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SAR "Meatgrinder"

Training, training and more training is key to safe, effective SAR operations. A couple of time a year, Wind River SAR conducts a "24 Hour SAR Pack Test." After one such training, where a USAF SERE (Survival Evation Resistence and Escape) Instructor tagged along with his amazing expertise, some asked if we could 'dial things up a notch?'

Ok; we can do that... So some 40 hours of near-constant training evolutions were planned, and an IAP (Incident Action Plan) was drafted.

Participants dubbed it the "SAR Meat-Grinder."

Underlying all the training evolutions was a sharp focus on ICS (Incident Command System).

Exercise Cadre assigned a Team Leader for each evolution, and they had to choose a Safety Officer. For each evolution they were required to use an ICS-201 Form, locally modified for SAR use.

It all started with a Dog Mt. hike, here being briefed by River 7.

After almost 2 hours of full gear, uphill hiking they were directed to RTB (Return to Base) ASAP...

2 1/2 steep hours later, they were thrown in a van and driven to their next assignment: Plan a rescue strategy at a waterfall on a near-by bridge - in under 5 minutes.

Teamwork's division of labor, and structured information flow, allowed them to easily accomplish the assignment.

Back in the van, they were driven further into the backcountry...

... where they were met by a Deputy, who briefed the next evolution: "Numerous and conflicting reports of hikers in peril on the PCT (Pacific Crest Trail)."

After packing the Stokes Litter, loaded with a couple ropes and rescue rigging gear, about a mile on the PCT they found two 'patients' that need rescuing - Ok; one was 'dead,' and the other 'damaged'...
... and the rigging of a ropes rescue system began.
The stokes litter and wheel were quickly lowered...
... and the 'patient' was packaged to be raised to the trail using the mechanical advantage provided by the system.
Just about up to the trail, about 1/4 mile to the road where a simulated "rig for air ops" prepared for the potential of a hoist operation.
Then the gear was repacked, thown back on the stoke and off again up the PCT.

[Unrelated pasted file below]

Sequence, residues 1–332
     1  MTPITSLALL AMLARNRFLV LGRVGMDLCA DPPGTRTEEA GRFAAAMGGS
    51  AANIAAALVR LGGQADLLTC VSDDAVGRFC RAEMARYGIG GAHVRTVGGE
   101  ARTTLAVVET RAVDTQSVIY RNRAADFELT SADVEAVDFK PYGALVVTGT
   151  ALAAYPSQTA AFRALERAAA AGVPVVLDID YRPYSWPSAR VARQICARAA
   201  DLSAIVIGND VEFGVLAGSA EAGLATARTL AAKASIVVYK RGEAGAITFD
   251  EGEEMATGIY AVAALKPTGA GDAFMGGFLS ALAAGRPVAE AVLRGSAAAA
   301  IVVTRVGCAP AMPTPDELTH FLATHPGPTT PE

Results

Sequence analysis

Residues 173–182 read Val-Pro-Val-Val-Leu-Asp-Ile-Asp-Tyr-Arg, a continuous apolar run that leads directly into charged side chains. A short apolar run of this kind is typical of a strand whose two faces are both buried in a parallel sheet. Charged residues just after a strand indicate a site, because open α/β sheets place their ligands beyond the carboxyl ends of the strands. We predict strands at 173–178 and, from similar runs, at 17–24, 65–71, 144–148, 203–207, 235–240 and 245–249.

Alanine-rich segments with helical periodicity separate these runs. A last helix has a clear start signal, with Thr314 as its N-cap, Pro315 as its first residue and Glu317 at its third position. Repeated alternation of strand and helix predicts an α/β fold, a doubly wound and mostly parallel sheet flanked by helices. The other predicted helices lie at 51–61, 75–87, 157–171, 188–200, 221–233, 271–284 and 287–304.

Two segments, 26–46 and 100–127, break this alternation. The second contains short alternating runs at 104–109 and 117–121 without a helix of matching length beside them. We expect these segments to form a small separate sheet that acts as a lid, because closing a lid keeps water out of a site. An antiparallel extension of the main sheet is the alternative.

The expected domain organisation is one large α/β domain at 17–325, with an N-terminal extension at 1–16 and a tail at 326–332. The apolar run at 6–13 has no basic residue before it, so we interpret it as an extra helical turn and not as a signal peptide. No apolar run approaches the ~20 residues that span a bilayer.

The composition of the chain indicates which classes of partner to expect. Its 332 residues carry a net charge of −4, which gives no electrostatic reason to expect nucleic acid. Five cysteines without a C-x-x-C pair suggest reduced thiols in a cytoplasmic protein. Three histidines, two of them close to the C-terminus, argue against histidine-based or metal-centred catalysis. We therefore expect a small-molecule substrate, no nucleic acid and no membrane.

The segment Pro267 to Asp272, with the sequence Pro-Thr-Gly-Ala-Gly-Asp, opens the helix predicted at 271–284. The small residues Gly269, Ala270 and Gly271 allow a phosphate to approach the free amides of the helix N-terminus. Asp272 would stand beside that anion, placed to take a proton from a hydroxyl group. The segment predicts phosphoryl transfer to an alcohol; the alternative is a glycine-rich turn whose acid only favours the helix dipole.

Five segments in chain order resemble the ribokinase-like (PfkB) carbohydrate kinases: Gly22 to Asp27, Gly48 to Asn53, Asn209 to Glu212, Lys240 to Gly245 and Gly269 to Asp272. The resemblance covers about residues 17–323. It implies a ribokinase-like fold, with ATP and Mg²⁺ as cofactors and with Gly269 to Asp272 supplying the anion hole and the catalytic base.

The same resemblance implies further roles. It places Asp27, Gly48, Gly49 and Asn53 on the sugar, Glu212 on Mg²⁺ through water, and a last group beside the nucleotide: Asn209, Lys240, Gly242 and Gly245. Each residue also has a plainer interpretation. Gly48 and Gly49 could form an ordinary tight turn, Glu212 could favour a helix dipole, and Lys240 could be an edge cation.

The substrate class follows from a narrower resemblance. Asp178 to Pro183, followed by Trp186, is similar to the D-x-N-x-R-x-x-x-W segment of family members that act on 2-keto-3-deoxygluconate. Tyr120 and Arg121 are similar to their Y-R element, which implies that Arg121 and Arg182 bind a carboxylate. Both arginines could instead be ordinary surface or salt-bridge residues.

About 5 miles, 3,000 ft. and several hours later, they emerge from the drizzling darkness on the 41 Road, on top of Mowich Butte!!

Nicely done fellers; but we're not done yet...

Bleary with exhaustion, they were individually quizzed and given tasks, with a "Drop and give me 20" for each wrong answer, or failed task.

Somewhat rehabed with a couple hours sleep, they were once again told to "rig for air ops," including harnesses and imporovised tethers, for an evolution with an Oregon Nat'l Guard BlackHawk.

Upon arrival, a medic is lowered.

After a briefing, the ship is fired back up and, in teams of two, board the BlackHawk; clipping their tethers to D rings in the floor (each safety-checking the others).
A view (out the open window) of Bonneville Dam, in the Columbia River Gorge:
Upon returning to the training area, participants disembarked from the aircraft, and organized themselves to conduct hoist-op tagline training.
Off to the sticks for shelter-building.

Various techniques and materials were employed, from tarps to full-on natural shelters.

Oops; no sleep yet - the Coast Guard Jayhawk is here for night hoist-ops...

(Had there BEEN light; it would have looked something like this: from a previous daytime tagline training.)

As the crew was using nigh vision goggles, we could not take any pics (the flash would have wiped out the NVG's; sub-optimal).

... as lightsticks were all the light we had - except when spotlights under the helo turned night to day!

The planning/organizing done earlier payed huge dividends.

After tagline ops, we all wandered into the nearby tree line, and they establishe a tree-top hover, blasting
us with branches, dirt, pine cones, tree frogs and other various 80+ mph projectiles!!
Rather entertaining...

Ok fellers; NOW you can crawl into your shelter for some shut-eye...
Only one evolution left...

Biscuts 'n Gravy at the Wind River Inn in Carson!

Oh, and coffee; LOTS of Coffee!!

This training, for the first time in our experience, brought together many SAR skills for an extended time. Overall the exercise was a success; truly pushing participants in ways real world "Knock-Down-Drag-Out" missions do...

Nicely done!!